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Koo, Hyungjoon, Polychronakis, Michalis.  2016.  Juggling the Gadgets: Binary-level Code Randomization Using Instruction Displacement. Proceedings of the 11th ACM on Asia Conference on Computer and Communications Security. :23–34.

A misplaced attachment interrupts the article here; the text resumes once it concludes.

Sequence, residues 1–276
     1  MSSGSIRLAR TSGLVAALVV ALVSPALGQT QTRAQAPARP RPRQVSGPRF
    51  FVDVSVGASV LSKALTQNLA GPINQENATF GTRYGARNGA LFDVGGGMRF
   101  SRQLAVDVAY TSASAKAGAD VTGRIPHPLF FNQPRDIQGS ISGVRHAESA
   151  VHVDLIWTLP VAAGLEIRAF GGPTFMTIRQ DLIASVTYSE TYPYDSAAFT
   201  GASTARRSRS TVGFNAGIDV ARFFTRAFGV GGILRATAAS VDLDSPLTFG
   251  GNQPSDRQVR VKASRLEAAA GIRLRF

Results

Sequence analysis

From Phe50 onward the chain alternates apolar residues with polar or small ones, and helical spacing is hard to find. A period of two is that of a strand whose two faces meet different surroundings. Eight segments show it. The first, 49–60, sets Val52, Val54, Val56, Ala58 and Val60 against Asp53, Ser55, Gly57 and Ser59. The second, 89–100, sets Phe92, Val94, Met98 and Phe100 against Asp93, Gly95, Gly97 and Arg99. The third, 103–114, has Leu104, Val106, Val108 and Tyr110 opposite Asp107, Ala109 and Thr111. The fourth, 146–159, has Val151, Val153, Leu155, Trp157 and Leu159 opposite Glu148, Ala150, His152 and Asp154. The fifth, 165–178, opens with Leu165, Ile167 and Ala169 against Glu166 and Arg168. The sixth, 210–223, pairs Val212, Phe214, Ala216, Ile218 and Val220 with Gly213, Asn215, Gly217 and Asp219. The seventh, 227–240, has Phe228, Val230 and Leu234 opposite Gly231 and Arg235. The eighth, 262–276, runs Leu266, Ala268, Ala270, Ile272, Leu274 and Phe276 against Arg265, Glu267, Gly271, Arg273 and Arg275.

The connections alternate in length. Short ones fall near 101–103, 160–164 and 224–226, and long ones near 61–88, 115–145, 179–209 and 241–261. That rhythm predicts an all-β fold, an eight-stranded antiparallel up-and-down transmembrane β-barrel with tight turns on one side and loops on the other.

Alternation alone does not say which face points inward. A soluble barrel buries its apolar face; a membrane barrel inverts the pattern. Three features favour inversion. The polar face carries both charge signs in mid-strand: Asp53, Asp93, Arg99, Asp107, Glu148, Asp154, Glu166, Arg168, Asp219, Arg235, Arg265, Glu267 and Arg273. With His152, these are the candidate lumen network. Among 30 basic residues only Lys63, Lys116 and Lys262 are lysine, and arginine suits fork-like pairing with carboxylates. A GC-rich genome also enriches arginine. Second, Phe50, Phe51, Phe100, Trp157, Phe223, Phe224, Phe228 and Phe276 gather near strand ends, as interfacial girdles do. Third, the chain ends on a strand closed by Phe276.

Code diversification is an effective mitigation against return-oriented programming attacks, which breaks the assumptions of attackers about the location and structure of useful instruction sequences, known as "gadgets". Although a wide range of code diversification techniques of varying levels of granularity exist, most of them rely on the availability of source code, debug symbols, or the assumption of fully precise code disassembly, limiting their practical applicability for the protection of closed-source third-party applications. In-place code randomization has been proposed as an alternative binary-compatible diversification technique that is tolerant of partial disassembly coverage, in the expense though of leaving some gadgets intact, at the disposal of attackers. Consequently, the possibility of constructing robust ROP payloads using only the remaining non-randomized gadgets is still open. In this paper we present instruction displacement, a code diversification technique based on static binary instrumentation that does not rely on complete code disassembly coverage. Instruction displacement aims to improve the randomization coverage and entropy of existing binary-level code diversification techniques by displacing any remaining non-randomized gadgets to random locations. The results of our experimental evaluation demonstrate that instruction displacement reduces the number of non-randomized gadgets in the extracted code regions from 15.04% for standalone in-place code randomization, to 2.77% for the combination of both techniques. At the same time, the additional indirection introduced due to displacement incurs a negligible runtime overhead of 0.36% on average for the SPEC CPU2006 benchmarks.